There is an interesting lesson to be gleaned from today’s Old Testament reading from Mass. David and his warriors are on the run from jealous and paranoid King Saul.
Saul has been trying to track David down and kill him when David and his men go deep into a cave to hide. Saul, not knowing David is hiding there, comes into the cave to either sleep or to relieve himself. Either way, David’s men encourage him to kill Saul. Instead he creeps up and cuts a portion from Saul’s cloak.
After Saul leaves the cave David comes out and calls down to him and shows him the portion of his cloak and says he could not kill the Lord’s anointed.
It is a good reminder about our relationship to those in authority over us. Whether it is our boss, our parent, our pastor, our bishop, our pope, our president or governor, we should not kill the Lord’s anointed.
I read increasingly bitter comments from Catholics about Pope Francis calling him a heretic, an anti pope, demon possessed—you name it. Do you know that the sins of detraction, gossip, libel and calumny are all listed in the catechism under the sin of murder? That’s because your bitter words can destroy a person’s reputation, a person’s work, a person’s good will and the person’s soul.
Do not kill the Lord’s anointed.
Other do nothing but tell us how awful Donald Trump is. I don’t like Trump. I’ve been clear in my writings that I think he is, as a person, low life. But I’m not going to waste time in bitter words and mud slinging. I’m not going to kill the Lord’s anointed.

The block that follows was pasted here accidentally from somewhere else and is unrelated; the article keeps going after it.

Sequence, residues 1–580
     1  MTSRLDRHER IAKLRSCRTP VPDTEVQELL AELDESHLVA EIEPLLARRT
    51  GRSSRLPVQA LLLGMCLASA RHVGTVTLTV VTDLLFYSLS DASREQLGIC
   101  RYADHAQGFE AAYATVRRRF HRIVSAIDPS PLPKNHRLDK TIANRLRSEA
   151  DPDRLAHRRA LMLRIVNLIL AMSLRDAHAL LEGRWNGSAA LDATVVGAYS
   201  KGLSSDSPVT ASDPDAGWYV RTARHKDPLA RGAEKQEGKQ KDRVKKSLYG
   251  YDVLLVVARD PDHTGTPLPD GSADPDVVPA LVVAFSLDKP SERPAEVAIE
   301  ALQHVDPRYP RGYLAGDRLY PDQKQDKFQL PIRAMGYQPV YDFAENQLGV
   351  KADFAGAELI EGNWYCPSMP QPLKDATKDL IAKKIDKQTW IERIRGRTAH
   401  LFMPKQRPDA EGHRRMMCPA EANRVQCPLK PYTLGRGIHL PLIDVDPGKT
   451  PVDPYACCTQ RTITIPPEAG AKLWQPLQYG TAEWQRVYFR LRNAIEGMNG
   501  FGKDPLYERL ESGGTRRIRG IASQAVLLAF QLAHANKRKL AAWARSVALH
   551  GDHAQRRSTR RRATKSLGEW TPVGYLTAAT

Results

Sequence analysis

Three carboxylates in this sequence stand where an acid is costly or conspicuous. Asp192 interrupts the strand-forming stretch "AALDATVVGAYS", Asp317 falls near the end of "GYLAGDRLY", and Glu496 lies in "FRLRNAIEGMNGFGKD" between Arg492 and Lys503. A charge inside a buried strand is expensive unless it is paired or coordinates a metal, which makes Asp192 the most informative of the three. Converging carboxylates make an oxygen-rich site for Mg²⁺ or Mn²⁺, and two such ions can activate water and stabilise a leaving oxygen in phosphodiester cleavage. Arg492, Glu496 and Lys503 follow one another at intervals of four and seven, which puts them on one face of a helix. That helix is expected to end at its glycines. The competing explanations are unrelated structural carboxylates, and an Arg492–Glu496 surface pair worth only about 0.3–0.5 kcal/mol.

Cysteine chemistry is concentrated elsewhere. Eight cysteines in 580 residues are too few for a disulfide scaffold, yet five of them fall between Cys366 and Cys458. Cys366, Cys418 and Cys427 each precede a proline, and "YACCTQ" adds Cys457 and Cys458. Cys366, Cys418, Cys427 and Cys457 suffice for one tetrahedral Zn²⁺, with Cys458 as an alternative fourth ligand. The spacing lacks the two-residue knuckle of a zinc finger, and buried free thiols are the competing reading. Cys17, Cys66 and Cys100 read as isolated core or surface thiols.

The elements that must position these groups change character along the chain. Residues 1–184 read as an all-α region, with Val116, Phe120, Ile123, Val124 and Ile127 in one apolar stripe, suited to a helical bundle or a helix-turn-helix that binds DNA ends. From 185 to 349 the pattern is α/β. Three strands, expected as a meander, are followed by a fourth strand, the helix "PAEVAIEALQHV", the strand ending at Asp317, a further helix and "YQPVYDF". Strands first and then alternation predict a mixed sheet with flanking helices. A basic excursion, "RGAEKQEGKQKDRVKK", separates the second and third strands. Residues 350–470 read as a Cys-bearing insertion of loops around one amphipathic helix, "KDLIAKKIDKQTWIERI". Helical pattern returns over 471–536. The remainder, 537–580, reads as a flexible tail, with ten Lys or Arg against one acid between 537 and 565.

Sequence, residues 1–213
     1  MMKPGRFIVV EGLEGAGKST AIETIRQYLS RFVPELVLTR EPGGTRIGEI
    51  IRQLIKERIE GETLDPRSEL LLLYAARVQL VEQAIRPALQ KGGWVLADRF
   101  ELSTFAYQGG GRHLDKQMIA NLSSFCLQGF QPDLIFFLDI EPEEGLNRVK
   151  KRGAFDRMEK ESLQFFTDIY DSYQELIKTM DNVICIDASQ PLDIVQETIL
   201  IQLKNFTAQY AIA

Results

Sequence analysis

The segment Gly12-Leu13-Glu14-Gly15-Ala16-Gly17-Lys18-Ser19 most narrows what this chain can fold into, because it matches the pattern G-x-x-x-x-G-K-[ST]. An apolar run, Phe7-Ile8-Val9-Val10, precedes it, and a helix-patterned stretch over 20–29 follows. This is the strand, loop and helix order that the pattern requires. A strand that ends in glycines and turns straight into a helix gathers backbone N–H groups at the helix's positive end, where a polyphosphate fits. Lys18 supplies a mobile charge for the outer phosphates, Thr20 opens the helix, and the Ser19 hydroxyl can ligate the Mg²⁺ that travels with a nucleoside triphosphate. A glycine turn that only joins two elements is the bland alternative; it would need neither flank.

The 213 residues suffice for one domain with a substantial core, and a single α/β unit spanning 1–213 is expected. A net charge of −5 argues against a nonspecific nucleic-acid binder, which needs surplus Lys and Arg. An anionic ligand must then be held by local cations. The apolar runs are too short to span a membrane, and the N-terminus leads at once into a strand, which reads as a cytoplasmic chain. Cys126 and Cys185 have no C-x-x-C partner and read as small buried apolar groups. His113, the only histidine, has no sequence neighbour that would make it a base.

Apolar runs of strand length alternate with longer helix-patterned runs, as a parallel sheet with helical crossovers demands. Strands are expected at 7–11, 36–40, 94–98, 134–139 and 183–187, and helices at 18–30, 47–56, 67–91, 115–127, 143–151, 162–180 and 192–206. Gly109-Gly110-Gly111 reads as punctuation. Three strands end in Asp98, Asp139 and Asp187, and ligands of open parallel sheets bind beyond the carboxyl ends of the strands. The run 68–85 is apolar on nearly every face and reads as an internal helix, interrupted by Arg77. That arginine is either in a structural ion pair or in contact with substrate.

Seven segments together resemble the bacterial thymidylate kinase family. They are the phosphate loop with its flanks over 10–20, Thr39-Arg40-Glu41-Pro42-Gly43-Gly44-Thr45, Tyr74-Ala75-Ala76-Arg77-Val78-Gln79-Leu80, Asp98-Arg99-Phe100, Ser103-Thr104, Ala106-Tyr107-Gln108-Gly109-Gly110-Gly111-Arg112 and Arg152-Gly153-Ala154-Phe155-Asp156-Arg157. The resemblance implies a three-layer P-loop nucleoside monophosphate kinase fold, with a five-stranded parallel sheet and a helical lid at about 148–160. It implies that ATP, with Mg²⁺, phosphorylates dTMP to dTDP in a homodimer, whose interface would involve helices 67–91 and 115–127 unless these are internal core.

We should all think about this. Is this the best pope ever? Maybe you don’t think so. Do you think he is a leftist, modernist heretic? Do you think Donald Trump is a stupid, lustful, greedy sleaze bag? Maybe. Do you think your boss a petty little dictator who is a sly, ambitious creep?
Well, boo hoo. Why not grow up and realize that nobody’s perfect not even you, and God uses broken people to accomplish his will and “there’s a crack in everything, that’s how the light gets in.”
Well, in fact, all of the above may or may not be true, but think about it. David’s boss was actually trying to kill him and had his crack troops on the job and David still showed him respect–simply because he was “the Lord’s anointed”
This is what we call the virtue of obedience–that one is obedient to the proper authority not only when it seems nice and good, but also when it seems crazy or absurd.
Does this mean we are mindless, military drones–obeying and being obsequious? No. Its okay to criticize. Its okay to grumble. Its okay to complain. Its okay to protest and speak your mind in a mature and intelligent way. Its okay to chafe under the yoke, but at the end of the day you shall not kill the Lord’s anointed.
Obedience pays off.
If I had the time I’d tell you how I obeyed my bishop in England after I became a Catholic even though I thought he was a goof, and although it was hard, and not only hard, but often seemed frustrating and absurd, it paid off big time in the end.
So if you’re inclined to be rebellious and reject the authority over you…remember David and do not kill the Lord’s anointed.